Close up of the drum memory units. The wires ran to the read-write heads.
Despite the advances of the 1956 version of the Magnetronic Reservisor, Amman worked with IBM on the last step in the reservations process, connecting passenger information with the reservation. In 1956, the Reserwriter went into operation after testing in Buffalo. The Reserwriter basically read keypunched cards that represented passenger information and then automatically sent messages via teletype to the main reservations offices. Messages could go back and forth between the two systems (albeit manually) and for the first time for the airline, agents didn't have to be in the main reservation offices to book flights. By 1958, Reserwriter terminals were in key locations across the country in American's network. Despite the success of the whole system, it still suffered with errors on account of the number of individuals still required to make the system work. Approximately 8% of reservation transactions at American were in error despite the advances in the system. Passengers who benefited the most from the Reservisor system were those flying into and out of the largest of American's destinations. The Reserwriter terminals at outlying locations helped, but because manual action was needed to move information between Reserwriter and Reservisor, it was prone to error not to mention still time consuming. For example, a round trip reservation between Buffalo and New York La Guardia required 12 people, 15 distinct steps and could take as long as three hours. Passenger growth at American meant that over an eight year period from 1950 to 1958, the number of passengers flying on American per reservations employee had dropped from 5,100 to 3,100. Simply adding employees wasn't a solution in C.R. Smith's eyes. The transaction error rate meant the airline had to undersell a flight to avoid overselling a flight during times of peak volume. American would be taking delivery of its first Boeing 707s in 1959. This meant that a transcontinental flight was faster and could move more passengers- the airline's flagship DC-7 services moved 80 passengers across the United States in 10 hours but the 707s promised to move 112 passengers across the nation in just 5 to 6 hours. Smith was worried that the new jets would overwhelm the existing system. What American needed to keep up with the jet age was reservations system that moved just as fast, preferably in real-time and with as little manual intervention as possible. Charles Amman's original reservations problem from 1953 was still an issue that lurked in the background- determine seat availability, adjust the seat inventory, and record the passenger's name. Only now, it had to be done in real time if it was to keep up with jet aircraft.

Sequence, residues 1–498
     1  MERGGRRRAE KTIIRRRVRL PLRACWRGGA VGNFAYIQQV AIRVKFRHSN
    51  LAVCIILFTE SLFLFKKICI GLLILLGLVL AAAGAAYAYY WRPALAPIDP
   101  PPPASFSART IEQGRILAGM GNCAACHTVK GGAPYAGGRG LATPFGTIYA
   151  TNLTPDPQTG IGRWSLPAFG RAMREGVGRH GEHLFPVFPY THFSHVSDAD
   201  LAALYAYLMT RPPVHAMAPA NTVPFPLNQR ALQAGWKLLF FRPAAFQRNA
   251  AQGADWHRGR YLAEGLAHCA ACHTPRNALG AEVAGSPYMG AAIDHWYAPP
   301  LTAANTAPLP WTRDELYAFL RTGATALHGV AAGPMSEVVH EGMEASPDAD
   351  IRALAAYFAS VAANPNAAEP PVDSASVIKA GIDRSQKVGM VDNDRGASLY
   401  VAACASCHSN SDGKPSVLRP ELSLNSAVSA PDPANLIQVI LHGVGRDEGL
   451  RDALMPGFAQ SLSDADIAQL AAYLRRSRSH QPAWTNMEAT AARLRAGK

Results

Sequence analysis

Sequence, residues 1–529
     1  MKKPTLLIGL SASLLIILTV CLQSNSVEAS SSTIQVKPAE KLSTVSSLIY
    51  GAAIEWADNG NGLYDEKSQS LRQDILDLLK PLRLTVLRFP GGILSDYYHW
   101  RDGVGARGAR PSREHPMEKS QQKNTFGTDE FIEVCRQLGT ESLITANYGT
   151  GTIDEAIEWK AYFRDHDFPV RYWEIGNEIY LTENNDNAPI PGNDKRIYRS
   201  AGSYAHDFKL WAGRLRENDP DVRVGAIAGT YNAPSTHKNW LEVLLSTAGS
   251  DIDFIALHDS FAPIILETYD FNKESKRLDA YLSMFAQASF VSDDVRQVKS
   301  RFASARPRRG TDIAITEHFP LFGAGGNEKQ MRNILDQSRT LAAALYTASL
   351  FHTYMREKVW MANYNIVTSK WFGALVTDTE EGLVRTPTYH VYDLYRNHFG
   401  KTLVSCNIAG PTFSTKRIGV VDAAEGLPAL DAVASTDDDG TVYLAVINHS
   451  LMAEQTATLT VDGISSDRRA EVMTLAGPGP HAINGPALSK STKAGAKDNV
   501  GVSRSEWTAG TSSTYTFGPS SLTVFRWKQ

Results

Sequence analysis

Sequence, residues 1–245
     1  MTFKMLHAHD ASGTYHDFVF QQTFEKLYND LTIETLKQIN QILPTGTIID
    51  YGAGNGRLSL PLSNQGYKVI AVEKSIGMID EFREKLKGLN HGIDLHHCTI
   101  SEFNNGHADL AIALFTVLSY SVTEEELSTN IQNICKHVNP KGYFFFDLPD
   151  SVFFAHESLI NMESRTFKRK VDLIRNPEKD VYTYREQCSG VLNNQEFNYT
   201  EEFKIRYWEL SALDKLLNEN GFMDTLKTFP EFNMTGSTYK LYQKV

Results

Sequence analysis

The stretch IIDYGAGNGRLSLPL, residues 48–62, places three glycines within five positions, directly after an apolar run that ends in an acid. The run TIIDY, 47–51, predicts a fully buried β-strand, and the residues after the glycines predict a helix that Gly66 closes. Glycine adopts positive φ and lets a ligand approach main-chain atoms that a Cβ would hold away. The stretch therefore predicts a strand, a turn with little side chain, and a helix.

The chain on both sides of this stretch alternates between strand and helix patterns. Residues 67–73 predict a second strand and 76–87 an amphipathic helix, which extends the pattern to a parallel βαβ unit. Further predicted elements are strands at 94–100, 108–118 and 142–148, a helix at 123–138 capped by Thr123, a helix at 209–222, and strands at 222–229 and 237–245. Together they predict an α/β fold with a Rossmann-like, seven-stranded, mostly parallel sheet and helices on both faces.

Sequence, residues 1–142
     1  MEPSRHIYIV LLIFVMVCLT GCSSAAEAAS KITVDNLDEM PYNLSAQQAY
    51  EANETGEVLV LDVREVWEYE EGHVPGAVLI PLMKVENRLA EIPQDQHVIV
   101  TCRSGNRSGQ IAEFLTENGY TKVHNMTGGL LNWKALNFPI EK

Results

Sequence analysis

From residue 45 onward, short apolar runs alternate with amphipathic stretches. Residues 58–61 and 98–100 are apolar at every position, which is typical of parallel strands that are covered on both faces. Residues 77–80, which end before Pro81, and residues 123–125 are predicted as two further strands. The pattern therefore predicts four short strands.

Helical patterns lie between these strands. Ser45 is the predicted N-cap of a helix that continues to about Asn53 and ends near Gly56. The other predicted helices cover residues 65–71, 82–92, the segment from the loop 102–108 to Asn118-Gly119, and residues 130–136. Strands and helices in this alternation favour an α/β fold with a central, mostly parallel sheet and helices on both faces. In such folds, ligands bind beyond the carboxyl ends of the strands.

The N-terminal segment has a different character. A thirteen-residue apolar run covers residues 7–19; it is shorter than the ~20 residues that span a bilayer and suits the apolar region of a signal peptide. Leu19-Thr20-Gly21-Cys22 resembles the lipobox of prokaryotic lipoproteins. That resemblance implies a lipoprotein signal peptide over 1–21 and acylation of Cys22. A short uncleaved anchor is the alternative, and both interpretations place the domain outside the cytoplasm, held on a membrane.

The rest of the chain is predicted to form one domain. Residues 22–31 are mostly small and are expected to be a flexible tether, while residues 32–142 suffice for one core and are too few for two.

That solution will be the subject of a future post on this blog, so stay tuned! 

Source: Hard Landing: The Epic Contest for Power and Profits That Plunged the Airlines into Chaos by Thomas Petzinger. Times Business/Random House, 1996, pp 57-60. Waves of Change: Business Evolution Through Information Technology by James L. McKenney, Duncan C. Copeland, et all. Harvard Business Press, 1995, pp 97-106. Images: Wikipedia, American Airlines C.R. Smith Museum